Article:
Lambiotte, Premery, France: An industrial pyrolysis biorefinery operated during 120 years
June 16-21, 2019
The Lambiotte process is a well-known process for the continuous carbonization of wood. It is also sometimes called as the “CISR” process which is still in operation in Belgium, France, etc. [1, 2]. But this process is the small and simplified “son” of a much more advanced process (sometimes called as “SIFIC”) developed by the Lambiotte company in France (in Premery). The CISR reactor is smaller than the SIFIC one and burns the condensable products to produce mainly char. The SIFIC process was an integrated forest-refinery. It was operated in Premery to produce about 20000 tons per year of char from about 100000-120000 tons of wet wood (~45% moisture content, before drying in mobile vertical beds) but also to produce various chemicals from the carbonization bio-oils. The carbonization oil was fractionated and purified in an advanced process combining solvent extraction, distillation (more than 40 distillation columns) and catalytic reactions. In the beginning of the 20th century, the factory was able to produce: methanol, formol and their derivatives, acetates and solvent (from acetic acid), creosote, guaiacol, (wood) pitch, various medicines (such as antiseptics). Then even food aromas have been produced.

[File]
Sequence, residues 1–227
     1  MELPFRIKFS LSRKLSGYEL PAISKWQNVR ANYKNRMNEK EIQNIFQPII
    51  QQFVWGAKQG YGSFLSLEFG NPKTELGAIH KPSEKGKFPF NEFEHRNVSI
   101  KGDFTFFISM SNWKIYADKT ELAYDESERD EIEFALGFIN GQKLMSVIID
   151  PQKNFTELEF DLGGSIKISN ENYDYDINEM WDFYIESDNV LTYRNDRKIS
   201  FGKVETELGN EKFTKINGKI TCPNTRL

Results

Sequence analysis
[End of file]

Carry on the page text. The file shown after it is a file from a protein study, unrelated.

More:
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Anthony Dufour and Pascal GENTIL, "Lambiotte, Premery, France: An industrial pyrolysis biorefinery operated during 120 years" in "Pyroliq 2019: Pyrolysis and Liquefaction of Biomass and Wastes", Franco Berruti, ICFAR, Western University, Canada Anthony Dufour, CNRS Nancy, France Wolter Prins, University of Ghent, Belgium Manuel Garcia-Pérez, Washington State University, USA Eds, ECI Symposium Series, (2019). https://dc.engconfintl.org/pyroliq_2019/30